A single unnamed bidder has snapped up bitcoins valued at nearly US$17.7 million (A$18.8 million) seized by the US Marshalls Service following an online auction last week.
The 29,655 bitcoins, which were discovered on Silk Road servers, were auctioned over a 12-hour period late last week in nine blocks of 3000 bitcoins, and one block of 2657 bitcoins.
The auction drew 63 bids from 45 registered bidders.
The price of Bitcoin rose last week, adding to the winners gains - it was last priced at US$652.02 (A$687.24), up 2 percent on the session. It has gained more than 15 percent since June 25, according to digital currency exchange Coindesk.
Several prominent participants revealed they had attempted to purchase some of the bounty, but had been unsuccessful.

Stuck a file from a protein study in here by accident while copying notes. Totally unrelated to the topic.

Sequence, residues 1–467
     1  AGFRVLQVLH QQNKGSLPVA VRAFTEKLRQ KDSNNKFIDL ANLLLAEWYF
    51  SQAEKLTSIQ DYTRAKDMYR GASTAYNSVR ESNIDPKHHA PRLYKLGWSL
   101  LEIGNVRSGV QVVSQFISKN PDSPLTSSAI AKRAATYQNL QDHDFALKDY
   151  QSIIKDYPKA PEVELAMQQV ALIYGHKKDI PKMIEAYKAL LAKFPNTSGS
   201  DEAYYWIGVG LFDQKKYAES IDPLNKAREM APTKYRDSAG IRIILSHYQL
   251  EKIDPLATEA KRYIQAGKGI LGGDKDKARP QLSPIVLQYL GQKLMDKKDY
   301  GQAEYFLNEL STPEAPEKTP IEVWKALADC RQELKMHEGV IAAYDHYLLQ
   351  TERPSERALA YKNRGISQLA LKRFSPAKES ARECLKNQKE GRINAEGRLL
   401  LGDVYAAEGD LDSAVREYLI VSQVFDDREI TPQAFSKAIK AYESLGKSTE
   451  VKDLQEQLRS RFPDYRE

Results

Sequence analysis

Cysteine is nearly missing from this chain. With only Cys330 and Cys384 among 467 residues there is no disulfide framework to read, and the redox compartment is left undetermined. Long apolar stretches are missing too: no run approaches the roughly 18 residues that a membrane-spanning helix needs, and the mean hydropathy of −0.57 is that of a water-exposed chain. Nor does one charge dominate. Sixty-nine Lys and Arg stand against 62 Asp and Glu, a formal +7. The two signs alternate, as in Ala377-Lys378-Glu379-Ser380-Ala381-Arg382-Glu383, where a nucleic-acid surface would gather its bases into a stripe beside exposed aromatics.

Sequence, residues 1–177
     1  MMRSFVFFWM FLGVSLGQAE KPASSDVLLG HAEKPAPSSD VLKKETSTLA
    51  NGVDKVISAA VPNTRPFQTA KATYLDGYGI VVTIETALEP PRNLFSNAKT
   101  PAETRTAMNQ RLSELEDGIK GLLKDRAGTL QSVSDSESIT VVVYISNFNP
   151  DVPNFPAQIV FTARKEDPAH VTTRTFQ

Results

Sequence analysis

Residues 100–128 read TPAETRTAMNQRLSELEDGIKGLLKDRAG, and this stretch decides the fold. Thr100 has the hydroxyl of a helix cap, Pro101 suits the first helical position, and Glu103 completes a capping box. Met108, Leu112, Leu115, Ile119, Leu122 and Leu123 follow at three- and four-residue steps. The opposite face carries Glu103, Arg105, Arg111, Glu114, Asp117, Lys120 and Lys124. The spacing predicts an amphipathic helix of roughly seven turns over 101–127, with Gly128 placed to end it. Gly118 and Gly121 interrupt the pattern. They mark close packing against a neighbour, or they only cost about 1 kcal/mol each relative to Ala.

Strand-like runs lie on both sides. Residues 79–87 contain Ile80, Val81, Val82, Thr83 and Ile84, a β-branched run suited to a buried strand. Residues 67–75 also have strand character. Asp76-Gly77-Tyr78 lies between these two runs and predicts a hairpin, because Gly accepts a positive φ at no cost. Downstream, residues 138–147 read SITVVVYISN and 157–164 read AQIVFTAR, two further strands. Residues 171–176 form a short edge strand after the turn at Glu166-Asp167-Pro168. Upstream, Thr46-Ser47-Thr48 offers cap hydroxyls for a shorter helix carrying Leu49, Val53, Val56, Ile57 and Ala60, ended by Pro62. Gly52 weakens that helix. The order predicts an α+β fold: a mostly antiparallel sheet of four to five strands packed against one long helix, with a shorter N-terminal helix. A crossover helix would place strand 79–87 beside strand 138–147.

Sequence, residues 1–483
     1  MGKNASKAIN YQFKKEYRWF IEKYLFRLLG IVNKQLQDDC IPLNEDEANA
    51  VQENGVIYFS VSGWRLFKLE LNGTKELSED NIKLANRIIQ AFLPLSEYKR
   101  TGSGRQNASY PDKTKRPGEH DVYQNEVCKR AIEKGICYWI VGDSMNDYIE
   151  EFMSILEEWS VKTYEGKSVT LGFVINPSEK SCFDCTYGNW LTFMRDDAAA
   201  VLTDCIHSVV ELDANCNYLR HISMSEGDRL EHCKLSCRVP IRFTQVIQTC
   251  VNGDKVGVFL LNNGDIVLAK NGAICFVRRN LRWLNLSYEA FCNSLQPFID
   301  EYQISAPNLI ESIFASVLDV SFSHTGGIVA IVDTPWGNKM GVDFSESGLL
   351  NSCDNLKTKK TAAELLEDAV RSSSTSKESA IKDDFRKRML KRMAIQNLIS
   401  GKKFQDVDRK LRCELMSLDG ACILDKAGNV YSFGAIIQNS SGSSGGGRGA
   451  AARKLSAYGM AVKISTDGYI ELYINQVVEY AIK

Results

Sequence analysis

Barry Silbert of SecondMarket Holdings, which runs a bitcoin investment platform, said his firm was outbid, as did hedge fund Pantera Capital, which bid below the market price, according to Pantera chief executive Dan Morehead.
Bitcoin Shop, which trades on the over-the-counter market OTCQB, said its bid had also been rejected. The virtual currency ecommerce company bid directly in the auction as well as through a syndicate organised by SecondMarket.
The US Marshals continue to hold about 144,342 additional bitcoins that were subject to a civil forfeiture proceeding.
Silk Road was shut down after an FBI raid in September 2013. Agents took control of its server and arrested the alleged owner and operator of the website, Ross Ulbricht.
Ulbricht is scheduled to face trial in November. He has pleaded not guilty to the four counts against him, including money laundering conspiracy and engaging in a continuing criminal enterprise.
Authorities have separately charged two Australians in connection with their alleged roles in assisting Ulbricht in operating Silk Road.